Maintenance Roundtable

When it comes to fire apparatus maintenance, you would be correct to think that equipment required to meet emissions standards was challenging. You would also be correct to think that aging apparatus are causing headaches, but one of the biggest issues...


To access the remainder of this piece of premium content, you must be registered with Firehouse. Already have an account? Login

Register in seconds by connecting with your preferred Social Network.

OR

Complete the registration form.

Required
Required
Required
Required
Required
Required
Required
Required
Required
Required

Then, the apparatus has to sit outside, for up to an hour to cool down before being housed and hooked back up to the station exhaust systems. Hooking up a station exhaust ventilation system to a hot truck can cause thousands of dollars in damage, Miller said. But, it is important to be done to the manufacturers’ specifications to keep apparatus running properly and well maintained.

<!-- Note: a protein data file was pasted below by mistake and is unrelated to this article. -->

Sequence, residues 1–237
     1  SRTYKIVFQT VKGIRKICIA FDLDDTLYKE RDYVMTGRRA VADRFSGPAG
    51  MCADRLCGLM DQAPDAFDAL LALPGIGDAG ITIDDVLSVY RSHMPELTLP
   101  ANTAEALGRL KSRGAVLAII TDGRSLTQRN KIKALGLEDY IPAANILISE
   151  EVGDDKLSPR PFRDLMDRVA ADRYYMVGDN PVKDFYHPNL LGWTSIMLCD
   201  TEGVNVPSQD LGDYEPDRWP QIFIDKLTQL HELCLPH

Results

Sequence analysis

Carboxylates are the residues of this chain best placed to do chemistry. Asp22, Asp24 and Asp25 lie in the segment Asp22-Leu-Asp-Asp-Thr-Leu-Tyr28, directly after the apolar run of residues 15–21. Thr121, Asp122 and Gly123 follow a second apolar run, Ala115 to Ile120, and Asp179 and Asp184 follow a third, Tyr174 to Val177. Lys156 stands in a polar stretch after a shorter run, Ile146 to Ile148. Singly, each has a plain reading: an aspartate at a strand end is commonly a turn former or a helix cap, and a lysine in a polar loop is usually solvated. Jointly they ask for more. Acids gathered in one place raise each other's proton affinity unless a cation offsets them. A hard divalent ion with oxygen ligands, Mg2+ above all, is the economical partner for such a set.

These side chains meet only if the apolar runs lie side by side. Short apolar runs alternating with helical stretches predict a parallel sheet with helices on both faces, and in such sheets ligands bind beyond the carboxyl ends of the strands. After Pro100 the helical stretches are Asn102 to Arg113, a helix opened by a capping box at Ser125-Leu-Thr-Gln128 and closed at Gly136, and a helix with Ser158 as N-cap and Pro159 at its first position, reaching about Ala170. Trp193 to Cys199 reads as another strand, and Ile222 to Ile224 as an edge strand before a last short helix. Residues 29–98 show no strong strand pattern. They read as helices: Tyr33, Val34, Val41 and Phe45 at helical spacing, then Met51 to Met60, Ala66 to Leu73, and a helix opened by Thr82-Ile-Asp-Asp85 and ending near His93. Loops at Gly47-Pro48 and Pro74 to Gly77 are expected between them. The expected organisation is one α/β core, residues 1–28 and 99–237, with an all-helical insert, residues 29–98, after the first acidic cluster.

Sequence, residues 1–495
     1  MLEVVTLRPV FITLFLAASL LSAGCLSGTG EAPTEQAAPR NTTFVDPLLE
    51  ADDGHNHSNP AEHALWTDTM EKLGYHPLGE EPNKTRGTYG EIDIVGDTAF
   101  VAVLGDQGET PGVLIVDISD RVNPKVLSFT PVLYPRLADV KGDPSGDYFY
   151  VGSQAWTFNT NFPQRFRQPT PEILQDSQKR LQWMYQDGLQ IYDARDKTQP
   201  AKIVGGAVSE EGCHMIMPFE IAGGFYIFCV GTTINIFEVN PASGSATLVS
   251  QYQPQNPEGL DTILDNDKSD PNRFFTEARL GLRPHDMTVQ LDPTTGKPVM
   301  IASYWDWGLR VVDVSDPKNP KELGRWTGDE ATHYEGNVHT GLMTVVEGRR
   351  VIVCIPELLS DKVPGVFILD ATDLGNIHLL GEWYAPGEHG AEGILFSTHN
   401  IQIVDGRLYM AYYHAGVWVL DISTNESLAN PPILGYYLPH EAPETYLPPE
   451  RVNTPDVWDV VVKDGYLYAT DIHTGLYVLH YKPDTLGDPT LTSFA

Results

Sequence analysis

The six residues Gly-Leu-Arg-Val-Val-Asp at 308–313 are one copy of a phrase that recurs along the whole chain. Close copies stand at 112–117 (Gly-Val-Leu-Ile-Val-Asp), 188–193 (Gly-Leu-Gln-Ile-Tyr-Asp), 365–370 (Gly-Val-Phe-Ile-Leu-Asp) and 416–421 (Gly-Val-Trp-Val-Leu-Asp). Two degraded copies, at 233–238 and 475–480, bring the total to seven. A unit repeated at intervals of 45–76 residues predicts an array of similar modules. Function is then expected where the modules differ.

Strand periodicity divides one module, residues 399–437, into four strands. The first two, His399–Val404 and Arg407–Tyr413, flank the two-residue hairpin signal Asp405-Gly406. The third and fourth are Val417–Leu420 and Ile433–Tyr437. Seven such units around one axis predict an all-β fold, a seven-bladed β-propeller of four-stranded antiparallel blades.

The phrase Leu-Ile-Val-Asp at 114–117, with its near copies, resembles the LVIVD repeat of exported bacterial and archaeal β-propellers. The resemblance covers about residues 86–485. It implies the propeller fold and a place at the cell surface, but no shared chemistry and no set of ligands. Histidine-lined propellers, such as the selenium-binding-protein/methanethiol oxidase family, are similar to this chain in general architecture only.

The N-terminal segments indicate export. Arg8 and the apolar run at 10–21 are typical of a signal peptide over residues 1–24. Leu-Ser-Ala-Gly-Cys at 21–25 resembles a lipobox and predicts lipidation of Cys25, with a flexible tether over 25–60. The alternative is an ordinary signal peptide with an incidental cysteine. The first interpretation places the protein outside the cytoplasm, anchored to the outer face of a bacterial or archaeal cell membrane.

For Miller, maintenance begins when the apparatus is specified. He recommends departments select manufacturers based on their service systems and their local inventory of parts and their availability.

Apparatus maintenance for Miller comes down to “do the right thing.” For instance, don’t do a one-wheel brake job on an apparatus to save money,” he said. Keep good equipment in good repair and it will perform as it should for decades, he said.

“Don’t gamble with apparatus maintenance,” Miller said. “Because when you gamble, and lose, it really hurts.”

 

This is an excerpted version of the roundtable; the complete discussion may be found at firehouse.com/0113-apparatus.